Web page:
Abstract: This research analyzes the relationship between a farmers' participation in Nicaraguan supermarket supply chains and the market entries and exit of neighboring farmers. Drawing on insights from the technology adoption literature on learning and experimentation, we incorporate measures of neighbor experience into a model of a farmer's decision to join or quit these markets. We also test for strategic delay by small farmers and estimate the price that some farmers may pay for experimentation. Our results suggest both that that neighbors' exits negatively influence a farmer's own decision to join the supply chain and that some farmers engage in strategic delay. Early adopters bear costs of their neighbors' "free riding" in the form of higher product rejection rates and lower annual transactions with supermarkets. Evidence of strategic delay on the part of farmers suggests a social process rather than a firm-level roll out of new contracts within a given village.
    Keywords: contract farming, supermarkets, market adoption, Latin America, Walmart, Nicaragua, strategic delay
    JEL: O1 O12 O13
    Date: 2015–02–01
    URL: http://d.repec.org/n?u=RePEc:pra:mprapa:62239&r=agr
  32. By: Xueting Zhao (Regional Research Institute, West Virginia University )
    Abstract: This study focuses on the measure of inter-regional trade of virtual water, defined as the freshwater consumed for producing traded goods and services, to explain the relationship between China’s regional virtual water and the increasing water demand. By using the multi-regional input-output (MRIO) tables of 2002 and 2007 with the regional sectoral water use, this study analyzes virtual water in trade, domestic trade in virtual water, and the regional trade balance of virtual water. The results show that: (1) water use efficiency has increased in China; (2) the major source of the regional virtual water in trade are domestic inter-regional trade; and (3) a region’s virtual water depends on its water resources availability, economic structure, as well as the region’s position in domestic supply chain.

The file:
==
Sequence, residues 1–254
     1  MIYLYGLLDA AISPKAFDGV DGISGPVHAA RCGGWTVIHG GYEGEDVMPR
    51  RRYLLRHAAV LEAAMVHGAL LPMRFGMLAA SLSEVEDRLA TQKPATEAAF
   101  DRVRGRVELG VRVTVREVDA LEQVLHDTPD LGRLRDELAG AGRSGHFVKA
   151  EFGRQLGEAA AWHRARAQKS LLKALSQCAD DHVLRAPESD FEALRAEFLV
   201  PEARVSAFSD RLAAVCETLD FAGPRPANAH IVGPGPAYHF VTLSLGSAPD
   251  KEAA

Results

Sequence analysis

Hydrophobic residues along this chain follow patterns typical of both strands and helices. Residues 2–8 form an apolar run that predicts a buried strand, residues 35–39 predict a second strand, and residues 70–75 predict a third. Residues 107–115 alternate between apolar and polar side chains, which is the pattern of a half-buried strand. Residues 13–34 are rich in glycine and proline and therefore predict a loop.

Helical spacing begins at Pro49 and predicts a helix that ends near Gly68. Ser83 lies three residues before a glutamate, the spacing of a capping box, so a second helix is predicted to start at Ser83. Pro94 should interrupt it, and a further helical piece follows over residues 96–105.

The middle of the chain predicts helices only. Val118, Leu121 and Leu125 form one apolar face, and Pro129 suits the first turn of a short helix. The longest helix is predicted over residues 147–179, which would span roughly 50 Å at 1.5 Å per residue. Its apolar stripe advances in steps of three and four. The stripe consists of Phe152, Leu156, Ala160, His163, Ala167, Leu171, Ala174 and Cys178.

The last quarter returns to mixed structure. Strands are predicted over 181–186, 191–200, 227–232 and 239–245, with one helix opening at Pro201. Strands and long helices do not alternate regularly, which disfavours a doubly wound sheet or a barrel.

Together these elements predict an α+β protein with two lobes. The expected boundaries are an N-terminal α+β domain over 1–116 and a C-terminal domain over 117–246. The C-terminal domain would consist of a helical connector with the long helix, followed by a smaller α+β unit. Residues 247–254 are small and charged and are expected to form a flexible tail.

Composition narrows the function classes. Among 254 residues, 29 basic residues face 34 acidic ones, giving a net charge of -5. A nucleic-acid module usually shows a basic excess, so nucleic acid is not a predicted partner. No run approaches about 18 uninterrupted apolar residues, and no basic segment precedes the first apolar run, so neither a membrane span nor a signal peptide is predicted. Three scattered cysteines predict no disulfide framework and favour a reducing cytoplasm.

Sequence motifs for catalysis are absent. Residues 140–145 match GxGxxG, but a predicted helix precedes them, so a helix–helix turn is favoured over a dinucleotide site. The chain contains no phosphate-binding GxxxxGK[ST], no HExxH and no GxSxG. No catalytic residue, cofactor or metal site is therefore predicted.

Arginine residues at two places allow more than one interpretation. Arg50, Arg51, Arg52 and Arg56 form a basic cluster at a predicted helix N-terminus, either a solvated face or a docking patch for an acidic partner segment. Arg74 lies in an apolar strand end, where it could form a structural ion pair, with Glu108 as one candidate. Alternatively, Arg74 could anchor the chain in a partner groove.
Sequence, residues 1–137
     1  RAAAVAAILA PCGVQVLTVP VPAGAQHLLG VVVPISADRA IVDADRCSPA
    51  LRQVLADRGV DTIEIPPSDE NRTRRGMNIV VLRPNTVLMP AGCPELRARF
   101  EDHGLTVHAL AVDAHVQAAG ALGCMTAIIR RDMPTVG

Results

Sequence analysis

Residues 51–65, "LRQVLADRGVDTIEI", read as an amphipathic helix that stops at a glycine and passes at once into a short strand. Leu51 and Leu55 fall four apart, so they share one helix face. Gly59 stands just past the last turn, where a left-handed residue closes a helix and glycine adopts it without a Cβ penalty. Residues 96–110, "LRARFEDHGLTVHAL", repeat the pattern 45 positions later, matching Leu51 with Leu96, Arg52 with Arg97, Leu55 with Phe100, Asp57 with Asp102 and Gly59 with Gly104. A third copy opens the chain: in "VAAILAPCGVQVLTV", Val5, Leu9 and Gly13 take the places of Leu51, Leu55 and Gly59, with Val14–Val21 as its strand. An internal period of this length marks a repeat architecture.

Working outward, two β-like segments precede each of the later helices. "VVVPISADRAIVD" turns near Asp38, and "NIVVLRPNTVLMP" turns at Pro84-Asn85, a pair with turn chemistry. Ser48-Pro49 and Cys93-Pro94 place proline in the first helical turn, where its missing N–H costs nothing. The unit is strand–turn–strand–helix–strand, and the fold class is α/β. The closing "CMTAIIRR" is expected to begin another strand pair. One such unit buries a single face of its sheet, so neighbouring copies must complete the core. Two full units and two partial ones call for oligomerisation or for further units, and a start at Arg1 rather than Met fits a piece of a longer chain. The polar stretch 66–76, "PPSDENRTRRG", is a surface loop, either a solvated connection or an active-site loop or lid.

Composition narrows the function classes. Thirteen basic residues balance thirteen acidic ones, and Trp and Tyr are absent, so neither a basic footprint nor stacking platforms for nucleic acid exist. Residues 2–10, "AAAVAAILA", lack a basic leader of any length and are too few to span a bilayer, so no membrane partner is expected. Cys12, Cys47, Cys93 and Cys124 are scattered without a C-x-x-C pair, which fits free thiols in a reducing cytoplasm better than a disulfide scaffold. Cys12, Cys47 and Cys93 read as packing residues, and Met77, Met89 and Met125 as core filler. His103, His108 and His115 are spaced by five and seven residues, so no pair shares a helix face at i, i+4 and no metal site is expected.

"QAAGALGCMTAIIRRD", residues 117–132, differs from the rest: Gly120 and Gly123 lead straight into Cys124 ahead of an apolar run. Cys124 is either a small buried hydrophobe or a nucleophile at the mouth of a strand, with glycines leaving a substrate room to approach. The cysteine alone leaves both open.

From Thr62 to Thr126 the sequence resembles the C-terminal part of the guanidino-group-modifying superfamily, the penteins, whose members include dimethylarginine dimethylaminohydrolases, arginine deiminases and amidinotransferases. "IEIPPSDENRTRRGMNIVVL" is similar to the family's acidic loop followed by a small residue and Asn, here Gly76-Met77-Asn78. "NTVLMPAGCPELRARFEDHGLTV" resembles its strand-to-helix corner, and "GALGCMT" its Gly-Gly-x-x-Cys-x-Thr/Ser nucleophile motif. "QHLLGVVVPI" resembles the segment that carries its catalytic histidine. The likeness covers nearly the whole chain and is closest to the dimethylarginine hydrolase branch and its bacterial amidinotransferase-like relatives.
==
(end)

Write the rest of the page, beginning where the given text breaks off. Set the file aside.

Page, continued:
Keywords: virtual water, multi-regional input-output(MRO)model, China
    JEL: C67 Q25 R11
    Date: 2014–12
    URL: http://d.repec.org/n?u=RePEc:rri:wpaper:2014wp04&r=agr
  33. By: Durevall, Dick (Department of Economics, School of Business, Economics and Law, Göteborg University )
    Abstract: Consumers pay a premium for Fair Trade coffee, often assuming that it mainly benefits poor coffee farmers. However, several studies report that most of the premium accrues to actors in the consumer countries, such as roasters and retailers. This paper analyses how the returns to Fair Trade are distributed among bean producer countries, roasters and retailers, and Fairtrade Sweden, using scanner data on 185 products from Sweden and information about costs of production. The distribution depends on how much more costly it is to produce Fair Trade coffee compared to conventional coffee, given costs of beans and licences. Assuming the difference is 5 SEK per kg (about USD 0.80), which is on the high side, roasters and retailers get 61%, while producer countries, i.e., coffee farmers, cooperatives, middlemen, exporters and Fairtrade International, get 31%. The rest accrues to Fairtrade Sweden. These estimates are uncertain, but there is there strong evidence that Fair Trade retail prices are higher than the level attributable to the costs of Fair Trade beans and licences.
    Keywords: coffee supply chains; ethic labels; Fair Trade premium; Fairtrade; market power; organic coffee
    JEL: D43 O19 P46
    Date: 2015–02